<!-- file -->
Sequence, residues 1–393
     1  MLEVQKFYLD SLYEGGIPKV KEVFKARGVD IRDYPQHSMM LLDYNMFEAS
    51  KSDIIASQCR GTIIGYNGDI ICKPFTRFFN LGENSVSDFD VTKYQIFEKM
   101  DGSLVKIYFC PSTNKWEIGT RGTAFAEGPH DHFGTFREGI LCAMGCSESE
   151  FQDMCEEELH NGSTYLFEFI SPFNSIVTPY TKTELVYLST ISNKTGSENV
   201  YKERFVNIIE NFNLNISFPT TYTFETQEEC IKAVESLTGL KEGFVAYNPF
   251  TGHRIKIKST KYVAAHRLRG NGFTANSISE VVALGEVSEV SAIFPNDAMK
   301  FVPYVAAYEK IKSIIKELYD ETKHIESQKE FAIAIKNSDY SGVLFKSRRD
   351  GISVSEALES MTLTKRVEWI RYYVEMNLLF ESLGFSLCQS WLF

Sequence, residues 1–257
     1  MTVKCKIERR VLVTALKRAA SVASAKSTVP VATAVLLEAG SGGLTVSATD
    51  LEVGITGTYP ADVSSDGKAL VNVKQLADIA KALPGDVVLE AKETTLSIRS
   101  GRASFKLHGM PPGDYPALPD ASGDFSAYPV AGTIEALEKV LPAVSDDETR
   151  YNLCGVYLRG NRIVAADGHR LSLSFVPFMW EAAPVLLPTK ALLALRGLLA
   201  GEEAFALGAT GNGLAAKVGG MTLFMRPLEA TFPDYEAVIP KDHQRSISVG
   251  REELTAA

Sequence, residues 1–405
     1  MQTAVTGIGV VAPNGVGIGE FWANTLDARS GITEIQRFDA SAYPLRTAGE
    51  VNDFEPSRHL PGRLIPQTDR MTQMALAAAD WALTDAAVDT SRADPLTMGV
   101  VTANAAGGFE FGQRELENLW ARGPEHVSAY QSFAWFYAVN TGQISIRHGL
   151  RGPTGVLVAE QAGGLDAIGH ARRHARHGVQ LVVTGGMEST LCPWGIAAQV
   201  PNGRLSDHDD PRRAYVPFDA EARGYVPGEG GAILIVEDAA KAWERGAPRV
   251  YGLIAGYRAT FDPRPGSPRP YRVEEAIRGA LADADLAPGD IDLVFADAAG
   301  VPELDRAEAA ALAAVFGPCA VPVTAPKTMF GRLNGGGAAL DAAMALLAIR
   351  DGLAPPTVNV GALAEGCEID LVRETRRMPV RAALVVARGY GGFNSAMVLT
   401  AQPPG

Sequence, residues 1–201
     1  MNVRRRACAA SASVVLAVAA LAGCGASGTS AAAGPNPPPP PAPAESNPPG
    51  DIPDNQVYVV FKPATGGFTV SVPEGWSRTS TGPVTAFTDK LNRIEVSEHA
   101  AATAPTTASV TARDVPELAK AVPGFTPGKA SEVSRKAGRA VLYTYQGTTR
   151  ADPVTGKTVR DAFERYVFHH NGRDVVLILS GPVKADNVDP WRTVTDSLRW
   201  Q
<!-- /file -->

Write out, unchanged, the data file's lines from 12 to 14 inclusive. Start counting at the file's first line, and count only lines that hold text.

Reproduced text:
    51  LEVGITGTYP ADVSSDGKAL VNVKQLADIA KALPGDVVLE AKETTLSIRS
   101  GRASFKLHGM PPGDYPALPD ASGDFSAYPV AGTIEALEKV LPAVSDDETR
   151  YNLCGVYLRG NRIVAADGHR LSLSFVPFMW EAAPVLLPTK ALLALRGLLA